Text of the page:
Sign up at CreditKarma.com

It’s easy to sign up at CreditKarma. You just need your email address and create a password to use. You will also need to provide your Social Security Number because that is the information they need to start building your credit reports and send it to you. The awesome thing is that this service is free!

If you decide to sign up with any of their recommended credit cards or personal loan providers, then they make some commission from your business.

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5 Ways to Check Your Credit Score for Free

America runs on credit. Most people use credit cards to buy the things they need and want. To apply for a credit card, a car loan, or any type of loan, for that matter, you will need a good credit score. The credit system in the USA is a well-developed, complex system.

Prior to moving to the USA, I had two credit cards with a combined credit limit of PhP 35,000. I don’t think there is a similar system of credit reporting in the Philippines.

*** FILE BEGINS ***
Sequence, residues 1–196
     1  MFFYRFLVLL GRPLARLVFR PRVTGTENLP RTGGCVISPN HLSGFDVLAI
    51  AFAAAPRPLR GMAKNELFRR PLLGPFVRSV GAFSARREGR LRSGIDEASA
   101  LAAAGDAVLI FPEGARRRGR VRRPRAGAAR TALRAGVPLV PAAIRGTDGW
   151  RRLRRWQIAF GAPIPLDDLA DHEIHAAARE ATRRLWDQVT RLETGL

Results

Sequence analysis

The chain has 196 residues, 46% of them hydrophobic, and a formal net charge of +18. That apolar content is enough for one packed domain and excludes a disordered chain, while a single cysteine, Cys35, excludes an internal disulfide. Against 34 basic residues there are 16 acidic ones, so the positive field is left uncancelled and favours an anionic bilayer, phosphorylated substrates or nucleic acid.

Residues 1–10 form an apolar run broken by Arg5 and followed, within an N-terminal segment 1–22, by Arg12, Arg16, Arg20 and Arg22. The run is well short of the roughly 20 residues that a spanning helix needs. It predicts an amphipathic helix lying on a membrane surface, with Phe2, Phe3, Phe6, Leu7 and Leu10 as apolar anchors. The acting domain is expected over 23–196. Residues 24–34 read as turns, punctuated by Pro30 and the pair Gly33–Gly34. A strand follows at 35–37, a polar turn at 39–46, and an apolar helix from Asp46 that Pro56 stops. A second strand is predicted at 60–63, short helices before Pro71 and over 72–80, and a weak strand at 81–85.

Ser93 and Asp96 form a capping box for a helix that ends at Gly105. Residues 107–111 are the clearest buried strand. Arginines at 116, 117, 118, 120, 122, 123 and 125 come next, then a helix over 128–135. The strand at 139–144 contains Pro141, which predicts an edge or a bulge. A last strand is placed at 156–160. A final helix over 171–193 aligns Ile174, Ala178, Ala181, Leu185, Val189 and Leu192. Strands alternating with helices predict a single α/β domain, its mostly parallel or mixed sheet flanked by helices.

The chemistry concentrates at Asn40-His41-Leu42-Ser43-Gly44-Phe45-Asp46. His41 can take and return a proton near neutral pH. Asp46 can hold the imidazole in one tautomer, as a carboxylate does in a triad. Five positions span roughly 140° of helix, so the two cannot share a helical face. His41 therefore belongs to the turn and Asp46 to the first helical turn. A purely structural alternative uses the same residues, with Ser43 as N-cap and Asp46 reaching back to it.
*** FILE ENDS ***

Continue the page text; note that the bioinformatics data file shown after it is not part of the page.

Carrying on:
Quick Disclaimer: The content of this post and this website is NOT financial advice but only provided for informational and educational purposes. Please do your due diligence in all matters related to your finances.

What is a credit score?

A credit score is an index, a three-digit number that potentially represents your ability to repay debts. Banks and other lenders consult your credit score to make a decision if they will let you open a credit card or a loan.

A lower credit score means that you are less likely to be able to pay debts. A higher credit score means that you are good at managing your credit and that you are a trustworthy borrower.

Three main credit bureaus in the US create credit reports: Experian, TransUnion, and Equifax. They use different systems of creating your credit report but it is usually based on several factors such as the number of accounts you have open, timely payments, and a few others.